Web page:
If you want to develop your own road map to Net-Zero but aren’t sure where to start, let us help! We’ve created a guide for contractors and developers who want to get started.
A guide to Net-Zero construction
While this year has posed immense challenges, hidden in the background are equally big opportunities. Construction is an industry that does not stop. If you are not yet convinced that the future ahead is positive, remember that the global construction industry needs to build 13,000 buildings each day between now and 2050 to support an expected population of 7 billion people living in cities. This urban boom will need supporting infrastructure, such as roads, highways, railways, airports, power grids and water/sewage systems. An estimated $94 trillion in infrastructure investment is needed in the next 20 years alone to support this urban expansion. The pandemic may be a speed bump in this process, but in the long term, construction will continue to grow rapidly.
It is important to keep in mind, however, that the decade ahead of us will be a decade of change. Climate change will play a key role in future business decisions and government legislation. Environmental concerns have received increased attention in the national “Build Back Better” campaign and ESG funds are gaining larger shares in investment pools. But 43% of construction firms still prioritise immediate financial goals over organizational resilience and this short-termism is costing our environment every day. However, instead of fighting to change an industry that’s known to be risk-averse and profit driven, we need to ensure that Net-Zero targets are embedded in commercial strategies.
With a new year around the corner, it is ample time to review and implement a Net-Zero strategy for your organisation with commercial incentives. Even the most noble intents do not endure long-term if there isn’t an alignment with overall company objectives and commercial incentives. We need Net-Zero to be successful, so let us help you build the business case for it.
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Firstly, reducing the amount of materials used on site and waste production will have the most immediate cost reduction while reducing carbon emissions. Before looking at procuring fancy, high tech, low-carbon material, focus your efforts on current inefficiencies — the average construction site has so much untapped potential to increase efficiencies. Ensure your deliveries are as lean as possible, having the right materials delivered at the right time. Moreover, seek to align your goals with the supply chain so that erroneous deliveries are minimized as much as possible.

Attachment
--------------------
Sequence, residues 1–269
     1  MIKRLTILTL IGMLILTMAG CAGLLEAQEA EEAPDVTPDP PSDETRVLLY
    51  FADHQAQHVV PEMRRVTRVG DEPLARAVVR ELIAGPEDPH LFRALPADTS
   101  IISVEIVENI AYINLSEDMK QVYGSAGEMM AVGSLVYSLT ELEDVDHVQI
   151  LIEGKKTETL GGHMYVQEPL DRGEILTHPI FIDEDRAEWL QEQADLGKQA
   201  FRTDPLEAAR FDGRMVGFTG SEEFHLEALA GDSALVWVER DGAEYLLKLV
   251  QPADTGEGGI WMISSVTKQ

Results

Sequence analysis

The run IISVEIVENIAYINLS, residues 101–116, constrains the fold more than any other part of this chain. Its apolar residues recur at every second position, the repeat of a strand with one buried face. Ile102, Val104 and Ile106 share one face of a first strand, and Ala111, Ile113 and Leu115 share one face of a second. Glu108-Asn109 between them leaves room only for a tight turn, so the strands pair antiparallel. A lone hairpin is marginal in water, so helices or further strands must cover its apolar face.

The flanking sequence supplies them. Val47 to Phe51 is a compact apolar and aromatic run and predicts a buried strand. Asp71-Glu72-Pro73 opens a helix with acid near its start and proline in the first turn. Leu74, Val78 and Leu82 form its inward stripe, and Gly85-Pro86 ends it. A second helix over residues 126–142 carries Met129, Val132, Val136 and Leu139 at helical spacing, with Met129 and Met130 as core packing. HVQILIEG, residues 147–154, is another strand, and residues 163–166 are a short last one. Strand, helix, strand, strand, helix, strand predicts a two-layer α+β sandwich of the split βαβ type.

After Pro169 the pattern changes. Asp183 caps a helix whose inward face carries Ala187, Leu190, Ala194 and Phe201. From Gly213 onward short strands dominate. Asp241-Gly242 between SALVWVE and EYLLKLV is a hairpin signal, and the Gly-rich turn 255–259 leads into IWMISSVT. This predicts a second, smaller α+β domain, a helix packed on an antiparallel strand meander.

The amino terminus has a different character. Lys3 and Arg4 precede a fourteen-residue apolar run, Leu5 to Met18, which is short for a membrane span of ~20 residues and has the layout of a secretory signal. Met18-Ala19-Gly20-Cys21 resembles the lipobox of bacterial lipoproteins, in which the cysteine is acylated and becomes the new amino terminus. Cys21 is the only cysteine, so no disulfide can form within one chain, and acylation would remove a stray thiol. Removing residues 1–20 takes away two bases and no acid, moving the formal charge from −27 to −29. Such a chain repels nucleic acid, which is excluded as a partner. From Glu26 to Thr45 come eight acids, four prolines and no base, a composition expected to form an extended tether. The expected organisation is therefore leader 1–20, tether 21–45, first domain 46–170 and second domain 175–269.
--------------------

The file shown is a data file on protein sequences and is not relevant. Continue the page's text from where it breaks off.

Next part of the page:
Unfortunately, the link between financial and environmental impact is not always clear, so sometimes, artificially creating financial incentives may be useful. British Land has created a carbon pricing model to incentivise the adoption of low carbon materials and methods of development, which will in turn support the net-zero transition of the wider portfolio. In practice, every tonne of embodied carbon triggers a payment of £60. Besides encouraging a lower footprint in the projects, this pools capital that will help fund the transition towards a Net-Zero organisation.
When designing a Net-Zero strategy, you will eventually identify areas that require captial investment. The next stage is figuring out how to allocate budget towards these investments. This is a crucial step to not be overlooked as the lack of a process for funding is currently an obstacle to progress in many companies. The British Land Transition Fund is a great example of not only creating a business case and financial incentives for low-carbon builds, but of a strategy that included finding and funding solutions. Currently, 59.9% of construction firms do not have a dedicated R&D budget, but a successful strategy should budget for the innovations and initiatives that help reach Net-Zero target and have a clearly identified responsible person or team for this key matter. To communicate this with upper management, Project Directors, and C-suite teams it’s important to have the long-term commercial benefits clear to support the re-allocation of company budget.
Overall, beyond making the business case, making your Net-Zero strategy successful will require strong management foundations, cooperation across teams and departments, and strong leadership. We recently developed a “Road Map to Net Zero” guide that outlines the benefits of having a clear road map along with a practical guide for defining and developing a road map for your organisation. Additionally, you will find examples of how some of the UK’s biggest contractors and developers have defined their road map to achieve Net-Zero. Download the Net-Zero guide in the link below: